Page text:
Our new Foreign Secretary "helped drum up global investment for every corner of the capital"by Andrew Cryan, Jane Kinninmont / July 21, 2016 / Leave a comment
Initial reaction to the appointment of our new Foreign Secretary has focused on “Boris’ hilarious gaffes”—there has been a dredging up of quotes considered offensive to everyone from Hillary Clinton to the entire continent of Africa. Much less time has been spent considering why Theresa May has made him Foreign Secretary, especially when such a reaction was predictable.
Part of the answer must surely lie in the success that Boris Johnson had as Mayor of London—travelling the world and convincing foreign governments, from the Gulf to China, to pour money into the city he ran.
Johnson helped drum up global investment for every corner of the capital—from desperately needed housing stock, to the Emirates Air Line—a branded cable car that crosses the River Thames. There was even an (eventually unsuccessful) plan to rebuild the Crystal Palace with Chinese cash.
As Mayor, Johnson took to the part of the job he called “Banging the Drum for London” with enormous enthusiasm. In 2013, the BBC discovered that he had visited Doha (twice) more than the less unfashionable London suburb of Dagenham (not at all).
City Hall robustly defended the decision, saying each visit abroad was directly linked with millions flowing into London. At a time when the UK government trumpeted a policy of fiscal tightening, foreign money filled a gap in public spending. Johnson went so far as describing the UK government’s National Infrastructure Plan as a “huge shopping list” for the Gulf countries and joked about London’s “unofficial title” as “the eighth emirate.”
And while the colourful Mayor’s “gaffes” made headlines, when selling London abroad he largely managed to avoid them—particularly in highly politically sensitive environments like Dubai, Kuwait and Abu Dhabi, where being in the good books of the governments is an essential precondition for business success.
Back home, however, these investments did manage to generate controversy.
The Emirates-backed cable car turned out to have a contract effectively blocking the Mayor’s office from selling the scheme to Israeli investors—a clause described by Labour politicians as “clearly discriminatory” and which was rewritten after some embarrassment.
It was telling, perhaps, of Johnson’s broader approach, that when signing off on a mayoral decision to allow the London Fire Brigade to sell consultancy services to Qatar, he wrote, “There is not a clear cut argument to say that refusing to trade with a country with a questionable human rights record would result in an improvement to that record.” The same attitude was perhaps detectable too when London’s Metropolitan Police started selling their training services on a for-profit basis to a similar range of countries, including Qatar.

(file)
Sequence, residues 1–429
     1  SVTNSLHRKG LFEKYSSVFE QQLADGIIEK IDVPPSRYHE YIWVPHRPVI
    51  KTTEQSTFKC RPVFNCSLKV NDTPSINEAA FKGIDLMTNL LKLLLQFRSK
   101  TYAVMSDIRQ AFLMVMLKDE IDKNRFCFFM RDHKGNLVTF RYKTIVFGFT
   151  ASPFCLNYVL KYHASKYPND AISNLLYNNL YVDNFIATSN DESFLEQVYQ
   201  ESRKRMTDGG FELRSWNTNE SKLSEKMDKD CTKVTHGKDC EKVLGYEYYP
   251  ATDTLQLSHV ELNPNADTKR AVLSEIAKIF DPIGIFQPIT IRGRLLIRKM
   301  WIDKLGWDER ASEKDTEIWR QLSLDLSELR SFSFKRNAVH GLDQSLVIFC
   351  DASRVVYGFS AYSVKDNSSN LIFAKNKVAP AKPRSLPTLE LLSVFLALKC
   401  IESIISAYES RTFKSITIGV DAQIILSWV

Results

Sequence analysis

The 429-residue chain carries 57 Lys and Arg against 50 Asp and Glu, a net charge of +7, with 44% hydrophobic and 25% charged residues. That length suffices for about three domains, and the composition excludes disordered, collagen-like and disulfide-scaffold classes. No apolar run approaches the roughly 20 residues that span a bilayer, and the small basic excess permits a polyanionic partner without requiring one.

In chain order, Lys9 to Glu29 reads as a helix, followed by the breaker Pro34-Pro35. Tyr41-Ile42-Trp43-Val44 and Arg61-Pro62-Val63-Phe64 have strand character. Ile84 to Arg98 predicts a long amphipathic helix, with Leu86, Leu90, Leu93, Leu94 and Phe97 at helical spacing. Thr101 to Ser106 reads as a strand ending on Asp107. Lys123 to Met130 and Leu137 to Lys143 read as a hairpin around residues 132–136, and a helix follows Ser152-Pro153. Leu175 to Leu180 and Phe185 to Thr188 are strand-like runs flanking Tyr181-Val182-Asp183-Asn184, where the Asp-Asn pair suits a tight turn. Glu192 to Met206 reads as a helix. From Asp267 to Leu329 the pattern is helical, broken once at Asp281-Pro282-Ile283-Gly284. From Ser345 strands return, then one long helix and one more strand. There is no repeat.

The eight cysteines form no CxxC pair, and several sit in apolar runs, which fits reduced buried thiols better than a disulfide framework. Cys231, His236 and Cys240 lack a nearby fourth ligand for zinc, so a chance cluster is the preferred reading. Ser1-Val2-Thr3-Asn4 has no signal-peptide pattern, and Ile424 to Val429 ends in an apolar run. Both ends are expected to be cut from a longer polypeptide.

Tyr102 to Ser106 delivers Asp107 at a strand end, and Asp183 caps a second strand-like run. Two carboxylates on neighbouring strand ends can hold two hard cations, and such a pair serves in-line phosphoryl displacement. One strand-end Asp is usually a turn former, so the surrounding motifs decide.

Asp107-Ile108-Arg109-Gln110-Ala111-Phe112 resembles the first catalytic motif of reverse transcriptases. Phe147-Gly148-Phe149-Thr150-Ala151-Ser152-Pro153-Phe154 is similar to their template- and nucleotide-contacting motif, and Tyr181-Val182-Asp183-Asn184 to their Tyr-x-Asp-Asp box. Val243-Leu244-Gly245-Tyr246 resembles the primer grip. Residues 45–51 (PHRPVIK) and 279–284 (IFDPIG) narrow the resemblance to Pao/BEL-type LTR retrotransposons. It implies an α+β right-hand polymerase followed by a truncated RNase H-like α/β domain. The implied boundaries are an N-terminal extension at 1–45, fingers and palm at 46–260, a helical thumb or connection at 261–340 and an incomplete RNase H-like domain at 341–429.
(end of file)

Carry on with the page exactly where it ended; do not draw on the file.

Perhaps of all the foreign powers, it was the lavishly gas-endowed emirate that visibly bought more of London than any other during the Johnson mayoralty. Boris praised a controversial deal that saw the Qatari royal family’s property company buy the Olympic Village for many millions less than it cost the taxpayer to build.
The appointment of Boris as Britain’s new Foreign Secretary is one of the early indicators that the UK post-Brexit will have a more trade-driven foreign policy.
Oil-rich Gulf countries may well be quietly pleased with some of the new faces driving this approach; development secretary Priti Patel is a former lobbyist for Bahrain, and Brexit Secretary David Davies has called for the UK to move quickly to sign trade deals with Gulf states.
The EU and the Gulf Co-operation Council (GCC) started free-trade talks 26 years ago—but these have gone nowhere, partly because of the EU’s human rights requirements. A UK—GCC free trade deal wouldn’t have much material significance since tariffs on the goods are already extremely low—but the symbolic contrast with the EU would matter.
The Gulf governments already let it be known that they think the UK has a mercantile foreign policy. There may be a danger for Britain that post-Brexit it looks a little more desperate; more malleable to foreign governments that want to use trade to push other agendas.
For instance, BP’s exclusion from a major contract opportunity in Abu Dhabi in 2012 was widely believed to reflect the UAE anger at the UK media coverage of the Arab Spring, which broadly portrayed the uprisings in a positive light. Leaked UAE government documents from the same year suggest that they promised the UK government more investment and arms purchases if it took action against the Muslim Brotherhood.
So what now?
Following a major terrorist attack in France and a near-coup in Turkey in his first 48 hours in the job, working with the wealthy GCC states may seem like plain sailing. But already challenges are mounting. This week, Bahrain confirmed it was banning its main opposition party—and while the EU called for the decision to be reversed, a mild statement in Boris’s name simply expressed “concern.”
The global squeeze on oil revenues mean that Gulf governments are likely to face more domestic discontent, even as the UK will have to work harder for Gulf trade and investment in a tougher and more competitive environment. This will intensify the debate over balancing trade priorities with concerns about human rights and, ultimately, political stability in countries with very different attitudes to politics.
Boris is likely to find himself in a number of awkward situations in this part of the world.